READ: Speaking of Succession, there are so many absurdly juicy details in this New Yorker profile of the show’s creator, Jesse Armstrong, including the real-life story behind that visit to the sex party in season one. Side note: I’m incredibly jealous of anyone who can get supporting quotes from the most elusive man alive, Chris Morris, as writer Rebecca Mead has managed here. Vulture’s own Succession profile is also worth a gander, with some great anecdotes from filming in the Tuscan sun, and a truly awe-inspiring shoot. Plus, it might be worth your while to loiter round the Guardian website in the coming weeks for our own Succession coverage, which I promise will be worth your while!
LOG ON: I am utterly enthralled by this episode of Phil Donahue’s 80s US talkshow Donahue, in which he heads to Granada studios to pair up the casts of Cheers and Coronation Street, for reasons that are pretty mystifying. Highlights: George Wendt (AKA Norm Peterson) showing complete disdain for the Rovers Return’s best “bitters”, and William “Ken Barlow” Roache managing to out-pseud Frasier Crane himself, Kelsey Grammer.
From the Guide archive
Let’s start at the end: last week was the final issue of the original Guide (The OG, if you will), and we signed off with a look back at its 28 years of pop-cultural coverage. As part of it, we caught up with Charlie Brooker, who discussed his time as a TV reviewer and what he’d be laying into if he was still writing his columns in 2021. Plus a surprisingly insightful discussion on power-washing …
So you still have a love for television?
The jealousy does ruin things. Succession was so good it made me furious with envy. Even if I enjoy your show, I don’t really enjoy it any more. That’s awful, isn’t it? But to be honest I have those feelings all the time, it doesn’t have to be watching TV. The other day I had to use a jet washer on the patio. Have you ever used a jet washer?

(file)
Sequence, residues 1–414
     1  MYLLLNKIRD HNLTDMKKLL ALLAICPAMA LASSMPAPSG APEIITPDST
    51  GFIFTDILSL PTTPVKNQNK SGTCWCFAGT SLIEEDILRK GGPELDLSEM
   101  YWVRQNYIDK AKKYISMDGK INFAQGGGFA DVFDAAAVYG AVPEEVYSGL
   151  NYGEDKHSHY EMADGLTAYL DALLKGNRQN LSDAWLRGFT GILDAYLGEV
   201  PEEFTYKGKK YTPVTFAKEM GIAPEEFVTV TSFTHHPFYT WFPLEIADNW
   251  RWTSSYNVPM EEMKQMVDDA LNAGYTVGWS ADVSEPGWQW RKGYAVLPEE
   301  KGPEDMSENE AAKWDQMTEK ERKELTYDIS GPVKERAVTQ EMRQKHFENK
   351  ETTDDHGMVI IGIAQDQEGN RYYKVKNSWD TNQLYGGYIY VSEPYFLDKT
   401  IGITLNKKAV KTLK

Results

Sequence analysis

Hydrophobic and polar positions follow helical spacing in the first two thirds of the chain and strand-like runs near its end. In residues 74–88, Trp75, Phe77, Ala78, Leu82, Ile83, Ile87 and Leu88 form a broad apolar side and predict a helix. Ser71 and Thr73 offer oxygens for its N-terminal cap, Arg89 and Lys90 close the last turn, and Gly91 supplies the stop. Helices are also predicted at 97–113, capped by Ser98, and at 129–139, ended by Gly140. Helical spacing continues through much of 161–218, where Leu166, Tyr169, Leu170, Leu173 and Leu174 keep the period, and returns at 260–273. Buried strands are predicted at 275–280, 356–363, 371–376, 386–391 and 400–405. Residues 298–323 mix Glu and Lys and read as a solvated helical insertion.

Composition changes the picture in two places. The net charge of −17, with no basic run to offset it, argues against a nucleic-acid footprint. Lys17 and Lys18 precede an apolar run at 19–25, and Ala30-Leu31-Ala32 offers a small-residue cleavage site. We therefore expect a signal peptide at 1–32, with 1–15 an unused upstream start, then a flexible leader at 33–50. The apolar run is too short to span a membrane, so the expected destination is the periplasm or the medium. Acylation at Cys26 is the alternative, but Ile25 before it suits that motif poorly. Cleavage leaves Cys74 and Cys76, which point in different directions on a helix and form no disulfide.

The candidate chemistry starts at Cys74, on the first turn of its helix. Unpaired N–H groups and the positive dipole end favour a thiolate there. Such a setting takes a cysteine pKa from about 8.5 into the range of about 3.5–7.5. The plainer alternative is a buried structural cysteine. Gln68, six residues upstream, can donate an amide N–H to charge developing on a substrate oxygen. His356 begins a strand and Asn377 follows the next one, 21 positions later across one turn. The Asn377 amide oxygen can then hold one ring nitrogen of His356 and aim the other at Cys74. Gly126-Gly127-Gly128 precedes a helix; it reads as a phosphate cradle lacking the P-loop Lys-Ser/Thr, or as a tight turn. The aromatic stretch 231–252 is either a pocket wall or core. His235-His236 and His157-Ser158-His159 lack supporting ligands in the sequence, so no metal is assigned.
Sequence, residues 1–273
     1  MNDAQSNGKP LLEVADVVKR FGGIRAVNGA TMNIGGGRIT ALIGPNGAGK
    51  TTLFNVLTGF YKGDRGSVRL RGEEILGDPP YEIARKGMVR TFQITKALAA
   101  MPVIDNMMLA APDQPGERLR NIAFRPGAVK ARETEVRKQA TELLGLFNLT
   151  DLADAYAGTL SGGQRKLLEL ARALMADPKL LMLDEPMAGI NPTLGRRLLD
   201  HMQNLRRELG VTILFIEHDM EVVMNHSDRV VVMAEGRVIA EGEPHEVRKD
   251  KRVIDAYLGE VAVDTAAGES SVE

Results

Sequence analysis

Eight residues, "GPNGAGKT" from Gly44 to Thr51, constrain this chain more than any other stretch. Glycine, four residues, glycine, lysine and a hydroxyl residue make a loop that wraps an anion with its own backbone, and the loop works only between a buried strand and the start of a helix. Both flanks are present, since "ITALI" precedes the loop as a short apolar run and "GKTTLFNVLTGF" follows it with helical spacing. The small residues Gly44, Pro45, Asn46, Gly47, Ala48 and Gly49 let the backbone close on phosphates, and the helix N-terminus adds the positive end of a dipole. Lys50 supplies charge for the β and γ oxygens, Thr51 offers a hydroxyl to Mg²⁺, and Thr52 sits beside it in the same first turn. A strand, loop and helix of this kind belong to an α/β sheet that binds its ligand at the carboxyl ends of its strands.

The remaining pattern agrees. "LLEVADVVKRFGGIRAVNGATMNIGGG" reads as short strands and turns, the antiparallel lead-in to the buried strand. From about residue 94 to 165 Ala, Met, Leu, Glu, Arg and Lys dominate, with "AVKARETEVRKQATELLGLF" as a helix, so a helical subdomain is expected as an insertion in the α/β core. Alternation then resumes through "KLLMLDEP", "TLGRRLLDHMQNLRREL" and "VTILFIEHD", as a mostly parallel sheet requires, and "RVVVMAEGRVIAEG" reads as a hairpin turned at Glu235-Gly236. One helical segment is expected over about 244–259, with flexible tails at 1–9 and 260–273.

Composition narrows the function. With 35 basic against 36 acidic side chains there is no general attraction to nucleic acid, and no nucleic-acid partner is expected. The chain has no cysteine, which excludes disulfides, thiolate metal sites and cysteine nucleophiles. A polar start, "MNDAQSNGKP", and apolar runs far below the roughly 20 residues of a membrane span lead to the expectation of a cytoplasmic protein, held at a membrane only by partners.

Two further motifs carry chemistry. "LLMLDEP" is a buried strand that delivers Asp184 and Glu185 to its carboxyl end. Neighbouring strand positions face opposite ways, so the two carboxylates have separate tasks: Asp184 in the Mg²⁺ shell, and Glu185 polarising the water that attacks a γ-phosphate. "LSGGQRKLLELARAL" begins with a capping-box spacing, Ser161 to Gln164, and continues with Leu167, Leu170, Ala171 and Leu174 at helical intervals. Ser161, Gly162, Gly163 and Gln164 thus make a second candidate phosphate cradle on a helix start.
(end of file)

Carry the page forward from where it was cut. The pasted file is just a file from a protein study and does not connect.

Those ones that really clean the grime with a lot of force?
Yeah. So if you’ve got a grimy patio, you get a jet washer, and it cleans a small area at a time, but it really cleans it. It’s transformative. It was like doing a big scratchcard. So I had to use one of those the other day to clean the patio. And I genuinely had the thought within the first 10 minutes: this is the most satisfying thing I’ve ever done. It makes a mockery of my entire career. I should have been jet-washing. Without any exaggeration, I thought: why haven’t I just been doing this? Why did no one tell me about jet-washing as a career path? That lasted about another 20 minutes and then I was just cold and covered in grit. It’s actually awful.
Every week we’ll be asking you to nominate your favourite moments on a pop-cultural theme. It could be a huge topic – devastating ballads, eerily prescient sci-fi movies – or it could be something far more daft. Let’s start with the latter: to coincide with the terrific Mads Mikkelsen film Another Round arriving on VOD, let’s have your favourite performances by actors acting drunk. I suspect a certain pair of sozzled, struggling thesps will feature heavily here, but I’d love to hear your pick of the less heralded but equally great turns. Email me here.